“There are a lot of reasons why you should use paddocks, but the main thing is that they give you control.”
“Without paddocks, you do not have control of what you are doing,” Alan Nolan, Business & Technology Advisor – Drystock, at Teagasc Ballinrobe told attendees of Jarlath and Austin Ruane’s recent open day in Claremorris, Co Mayo, as part of Dairy Beef 500.
Paddocks are at the centre of the father-and-son duo’s mixed farm, which comprises a dairy-bred calf-to-beef system and a lowland sheep flock.
By bringing all progeny through to beef as steers, they are striving to reduce costs by increasing weight gain from grass, as meal now accounts for the highest proportion of total variable costs at 41%.
Excellent grazing infrastructure on this farm, including an extensive network of paddocks, water, and roadways, aims to “maintain grass of the highest quality in front of stock at all times to ensure high levels of animal performance”.
Nolan explained: “A young bunch of their cattle are averaging 415kgs with an ADG of 1.09 kg/head.”
“On this farm, there is a heavy group of cattle, now weighing 615kgs, with an ADG of 1.1 kg/head since turnout.”
“I would be saying that those types of cattle should be doing 0.9-1.0 kg/head/day on grass throughout the year, with higher rates of 1.1-1.2 earlier in the year possibly, but this could reduce to 0.7 in the autumn.”
“However, at this point, the Ruanes may consider moving some of them into the shed. But to achieve this level of performance is a key target in trying to move stock on, to reduce the age of slaughter and to keep our overall costs down.”
“To achieve that level of performance, for any in a system like this, that being calf-to-beef or even suckling, you need paddocks.”
Benefits of paddocks
He then went on to list the numerous benefits of paddocks, starting with increased grass production and grass budgeting.
“If you have six paddocks per group of stock, they are only grazing one paddock at once and the remainder and resting and growing at the same time.”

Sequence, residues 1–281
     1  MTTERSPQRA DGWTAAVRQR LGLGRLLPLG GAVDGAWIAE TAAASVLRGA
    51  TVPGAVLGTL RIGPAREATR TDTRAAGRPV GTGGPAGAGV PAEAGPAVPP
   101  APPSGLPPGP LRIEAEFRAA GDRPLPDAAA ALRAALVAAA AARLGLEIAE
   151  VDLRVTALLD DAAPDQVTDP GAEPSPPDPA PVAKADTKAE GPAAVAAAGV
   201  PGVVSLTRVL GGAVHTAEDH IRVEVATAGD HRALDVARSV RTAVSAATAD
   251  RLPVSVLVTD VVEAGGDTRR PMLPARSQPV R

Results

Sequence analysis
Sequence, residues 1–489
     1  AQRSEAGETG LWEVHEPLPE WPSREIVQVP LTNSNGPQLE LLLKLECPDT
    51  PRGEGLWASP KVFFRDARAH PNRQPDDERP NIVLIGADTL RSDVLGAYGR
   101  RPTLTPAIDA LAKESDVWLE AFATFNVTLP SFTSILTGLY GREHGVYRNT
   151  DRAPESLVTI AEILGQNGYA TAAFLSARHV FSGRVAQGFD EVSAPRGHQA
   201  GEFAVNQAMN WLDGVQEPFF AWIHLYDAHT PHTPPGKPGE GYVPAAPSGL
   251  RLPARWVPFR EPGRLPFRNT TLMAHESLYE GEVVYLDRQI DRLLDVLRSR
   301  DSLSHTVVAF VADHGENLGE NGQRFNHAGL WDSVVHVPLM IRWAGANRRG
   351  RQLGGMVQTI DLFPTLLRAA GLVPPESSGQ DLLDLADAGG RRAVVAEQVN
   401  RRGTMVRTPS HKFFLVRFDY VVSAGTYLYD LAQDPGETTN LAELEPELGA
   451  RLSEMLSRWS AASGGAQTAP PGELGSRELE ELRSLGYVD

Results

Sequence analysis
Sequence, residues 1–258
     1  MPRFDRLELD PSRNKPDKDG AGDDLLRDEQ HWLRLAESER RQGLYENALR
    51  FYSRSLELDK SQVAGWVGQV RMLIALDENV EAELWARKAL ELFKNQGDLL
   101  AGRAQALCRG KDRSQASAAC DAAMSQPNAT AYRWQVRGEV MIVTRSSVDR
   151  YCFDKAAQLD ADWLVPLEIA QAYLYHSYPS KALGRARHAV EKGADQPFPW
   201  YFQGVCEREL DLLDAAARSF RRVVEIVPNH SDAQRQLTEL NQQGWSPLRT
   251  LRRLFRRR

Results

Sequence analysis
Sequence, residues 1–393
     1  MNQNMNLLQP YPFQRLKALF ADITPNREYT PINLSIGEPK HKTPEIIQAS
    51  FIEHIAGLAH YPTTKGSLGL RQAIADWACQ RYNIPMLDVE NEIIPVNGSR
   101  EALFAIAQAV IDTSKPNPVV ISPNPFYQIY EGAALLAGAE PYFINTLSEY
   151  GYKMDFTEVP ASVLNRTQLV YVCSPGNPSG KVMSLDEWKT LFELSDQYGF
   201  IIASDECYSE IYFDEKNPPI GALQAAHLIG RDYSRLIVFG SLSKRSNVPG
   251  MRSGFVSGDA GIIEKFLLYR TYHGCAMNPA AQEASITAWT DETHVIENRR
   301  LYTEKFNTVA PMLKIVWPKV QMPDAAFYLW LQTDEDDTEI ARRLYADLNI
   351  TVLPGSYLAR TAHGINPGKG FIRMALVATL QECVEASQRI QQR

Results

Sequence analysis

“You are going to grow more grass and that is important for the Ruanes because they are carrying a very high stocking rate, of 2.8 LU/ha in 2023. So, to carry that stocking rate, they are going to have to grow a lot of grass.”
“You have better grass utilisation and again, when paddocks get strong or stemmy, you can take them out. You are trying to have nice, leafy grass in your paddocks, so cattle will clean it out and eat down bare.”
Moreover, you will have better animal performance and that is “what it is all” about throughout the year, achieving over 1kg/head/day, as is the case in this enterprise, he added.
Nolan outlined that you also have the added bonus of producing quality silage in paddocks where you can take our surplus covers and ease of management, overall.
“So, if we have better animal performance, we should be getting stock slaughtered at an early age, which will reduce the average age of slaughter. In an overall context, this reduces our methane and overall emissions on the farm.”
“It also eases pressure on shed space as well and less slurry needs to be spread also.”
“If you are more gain from grass, you have a heavier animal going back into the shed because they put more weight on during the summer, your finishing period should be shorter.”
“In a time when meal prices are higher, that means that less concentrates are required.”
“If you are growing more grass, you can carry more stock and this will enable you to have a better beef output, which is what you see here on this farm and will lead to increased margins,” Nolan concluded.
Other key messages:
- Increasing the grazing season length = lowers GHG emissions;
- Grazed grass has higher digestibility than grass silage = improved productivity and less energy lost as methane;
- Shorter housing period = less slurry stores & less slurry applied = less emissions.
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